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Researchers Successfully Extract RNA from Extinct Species, Marking a Historic Breakthrough

Geneticists have achieved a groundbreaking scientific feat by isolating and decoding RNA molecules from an extinct Tasmanian tiger specimen, which was over 130 years old and stored at the Swedish Museum of Natural History. This achievement provides valuable insights into how the genes of this long-extinct species functioned and was detailed in a study published in the journal Genome Research.

Lead study author Emilio Mármol Sánchez, a computational biologist at the Centre for Palaeogenetics and SciLifeLab in Sweden, highlighted the significance of RNA in understanding the animal’s biology, explaining that it offers a unique window into the cells and tissues of the thylacine right before its extinction.

The Tasmanian tiger, roughly the size of a coyote, was a marsupial predator that disappeared nearly 2,000 years ago in most regions except Tasmania, where it was hunted to extinction by European settlers. The last thylacine, named Benjamin, lived in captivity and died from exposure in 1936.

While the primary goal of this research wasn’t de-extinction, it could contribute to ongoing efforts to bring back the Tasmanian tiger in some form. Andrew Pask, who leads a project aimed at resurrecting the thylacine, hailed the research as “groundbreaking” and noted that it expands our understanding of extinct species’ biology.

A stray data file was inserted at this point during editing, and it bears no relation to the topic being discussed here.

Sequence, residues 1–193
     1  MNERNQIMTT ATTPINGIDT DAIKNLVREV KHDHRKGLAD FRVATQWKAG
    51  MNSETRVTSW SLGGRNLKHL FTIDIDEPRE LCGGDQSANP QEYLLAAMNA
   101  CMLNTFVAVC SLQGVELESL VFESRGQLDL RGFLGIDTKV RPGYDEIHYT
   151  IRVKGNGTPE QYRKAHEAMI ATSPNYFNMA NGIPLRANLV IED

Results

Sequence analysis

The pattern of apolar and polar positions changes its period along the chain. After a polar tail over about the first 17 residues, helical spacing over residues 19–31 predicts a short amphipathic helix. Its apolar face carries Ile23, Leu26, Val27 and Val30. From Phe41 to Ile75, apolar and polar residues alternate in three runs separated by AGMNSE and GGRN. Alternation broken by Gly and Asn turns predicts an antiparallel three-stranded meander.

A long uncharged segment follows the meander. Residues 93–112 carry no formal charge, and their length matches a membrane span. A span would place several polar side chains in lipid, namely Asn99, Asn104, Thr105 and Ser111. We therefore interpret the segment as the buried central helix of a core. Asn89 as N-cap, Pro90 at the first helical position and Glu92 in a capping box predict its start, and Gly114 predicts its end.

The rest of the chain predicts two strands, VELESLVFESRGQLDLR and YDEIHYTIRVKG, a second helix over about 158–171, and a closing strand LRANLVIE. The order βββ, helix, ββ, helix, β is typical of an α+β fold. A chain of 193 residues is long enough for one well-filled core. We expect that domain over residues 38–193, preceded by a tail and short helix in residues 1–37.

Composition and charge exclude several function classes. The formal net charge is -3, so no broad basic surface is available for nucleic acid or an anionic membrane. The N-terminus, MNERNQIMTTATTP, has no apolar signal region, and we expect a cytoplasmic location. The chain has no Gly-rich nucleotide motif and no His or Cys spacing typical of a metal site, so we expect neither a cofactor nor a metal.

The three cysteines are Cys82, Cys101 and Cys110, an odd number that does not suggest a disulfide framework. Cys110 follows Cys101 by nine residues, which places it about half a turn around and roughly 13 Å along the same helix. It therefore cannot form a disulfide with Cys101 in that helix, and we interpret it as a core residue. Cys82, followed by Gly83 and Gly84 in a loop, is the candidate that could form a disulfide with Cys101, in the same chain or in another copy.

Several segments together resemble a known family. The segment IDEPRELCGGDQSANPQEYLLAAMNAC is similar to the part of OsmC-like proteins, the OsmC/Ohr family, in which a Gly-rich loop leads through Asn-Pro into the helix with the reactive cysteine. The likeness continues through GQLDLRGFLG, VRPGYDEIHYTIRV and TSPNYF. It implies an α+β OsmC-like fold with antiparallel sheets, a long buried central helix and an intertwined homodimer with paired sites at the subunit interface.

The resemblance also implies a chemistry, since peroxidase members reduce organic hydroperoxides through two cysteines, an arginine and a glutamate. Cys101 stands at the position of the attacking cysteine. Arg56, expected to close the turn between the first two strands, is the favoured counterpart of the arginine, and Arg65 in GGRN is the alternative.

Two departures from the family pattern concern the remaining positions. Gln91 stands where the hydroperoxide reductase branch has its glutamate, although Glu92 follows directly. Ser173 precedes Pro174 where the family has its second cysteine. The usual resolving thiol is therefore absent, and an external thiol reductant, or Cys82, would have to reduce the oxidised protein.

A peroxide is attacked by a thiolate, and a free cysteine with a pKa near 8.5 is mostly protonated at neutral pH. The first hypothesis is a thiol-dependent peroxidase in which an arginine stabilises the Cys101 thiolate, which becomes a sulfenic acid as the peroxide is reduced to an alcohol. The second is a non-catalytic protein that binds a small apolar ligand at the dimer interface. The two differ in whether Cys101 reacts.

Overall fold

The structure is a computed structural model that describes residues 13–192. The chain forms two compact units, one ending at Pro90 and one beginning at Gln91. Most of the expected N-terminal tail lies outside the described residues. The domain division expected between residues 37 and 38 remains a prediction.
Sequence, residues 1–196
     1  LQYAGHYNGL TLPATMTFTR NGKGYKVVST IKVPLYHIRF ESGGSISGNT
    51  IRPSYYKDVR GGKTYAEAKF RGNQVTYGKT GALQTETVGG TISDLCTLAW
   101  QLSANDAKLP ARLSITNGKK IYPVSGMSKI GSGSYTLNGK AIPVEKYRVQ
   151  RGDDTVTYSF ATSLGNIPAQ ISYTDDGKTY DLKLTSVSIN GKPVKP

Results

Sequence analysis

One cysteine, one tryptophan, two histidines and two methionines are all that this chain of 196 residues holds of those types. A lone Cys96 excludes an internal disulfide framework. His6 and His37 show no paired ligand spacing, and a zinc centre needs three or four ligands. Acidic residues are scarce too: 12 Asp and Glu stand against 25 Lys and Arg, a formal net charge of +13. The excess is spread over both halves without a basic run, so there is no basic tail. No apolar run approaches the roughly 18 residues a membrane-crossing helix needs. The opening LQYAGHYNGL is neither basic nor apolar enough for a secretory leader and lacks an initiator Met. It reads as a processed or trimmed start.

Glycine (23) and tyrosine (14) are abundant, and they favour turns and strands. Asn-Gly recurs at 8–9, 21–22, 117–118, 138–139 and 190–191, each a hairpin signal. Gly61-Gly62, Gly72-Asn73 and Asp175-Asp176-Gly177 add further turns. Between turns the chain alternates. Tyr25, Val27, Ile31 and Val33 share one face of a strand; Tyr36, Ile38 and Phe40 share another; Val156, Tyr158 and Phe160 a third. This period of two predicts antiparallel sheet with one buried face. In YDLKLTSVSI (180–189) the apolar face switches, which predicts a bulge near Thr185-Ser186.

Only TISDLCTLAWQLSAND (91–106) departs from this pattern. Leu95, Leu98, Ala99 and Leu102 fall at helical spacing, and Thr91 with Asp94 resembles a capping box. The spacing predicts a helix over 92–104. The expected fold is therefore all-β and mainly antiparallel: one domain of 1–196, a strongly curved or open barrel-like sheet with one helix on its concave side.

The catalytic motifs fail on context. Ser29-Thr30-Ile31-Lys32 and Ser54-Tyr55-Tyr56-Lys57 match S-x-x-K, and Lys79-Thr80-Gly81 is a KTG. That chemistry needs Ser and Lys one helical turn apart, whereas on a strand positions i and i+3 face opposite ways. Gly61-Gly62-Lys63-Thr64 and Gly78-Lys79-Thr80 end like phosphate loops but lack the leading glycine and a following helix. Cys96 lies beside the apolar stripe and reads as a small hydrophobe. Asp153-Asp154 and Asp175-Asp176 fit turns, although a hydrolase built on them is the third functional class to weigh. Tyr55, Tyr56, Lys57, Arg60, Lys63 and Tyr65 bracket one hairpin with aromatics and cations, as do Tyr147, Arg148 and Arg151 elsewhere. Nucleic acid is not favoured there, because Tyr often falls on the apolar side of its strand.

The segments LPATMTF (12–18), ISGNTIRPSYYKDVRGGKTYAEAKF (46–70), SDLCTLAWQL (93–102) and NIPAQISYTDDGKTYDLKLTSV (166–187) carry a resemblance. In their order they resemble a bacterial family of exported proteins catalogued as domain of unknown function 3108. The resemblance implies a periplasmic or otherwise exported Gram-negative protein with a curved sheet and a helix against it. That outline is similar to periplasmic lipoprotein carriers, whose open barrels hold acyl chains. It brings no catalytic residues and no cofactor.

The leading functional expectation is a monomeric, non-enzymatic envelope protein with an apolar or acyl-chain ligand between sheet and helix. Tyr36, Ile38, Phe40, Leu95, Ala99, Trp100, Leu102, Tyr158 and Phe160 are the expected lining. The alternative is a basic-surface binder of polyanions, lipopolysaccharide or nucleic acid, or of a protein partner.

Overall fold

RNA, often considered a temporary copy of DNA, was previously thought to break down quickly and was not expected to endure. However, this study demonstrates that RNA can be retrieved from long-extinct animals, challenging previous assumptions. The research team hopes to extend their work to recover RNA from even older extinct species, such as the woolly mammoth.

By sequencing RNA from the Tasmanian tiger specimen’s skin and skeletal muscle tissues, scientists identified thylacine-specific genes, contributing to the animal’s transcriptome. This RNA-based approach complements DNA analysis, offering a more comprehensive understanding of an animal’s biology. Mármol Sánchez likened DNA to a recipe book for life, while RNA allows each “restaurant” (or cell) to create different dishes based on that reference book.

In essence, this groundbreaking research not only provides new insights into extinct species’ genetics but also opens the door to further discoveries and a deeper understanding of the biology of long-lost creatures.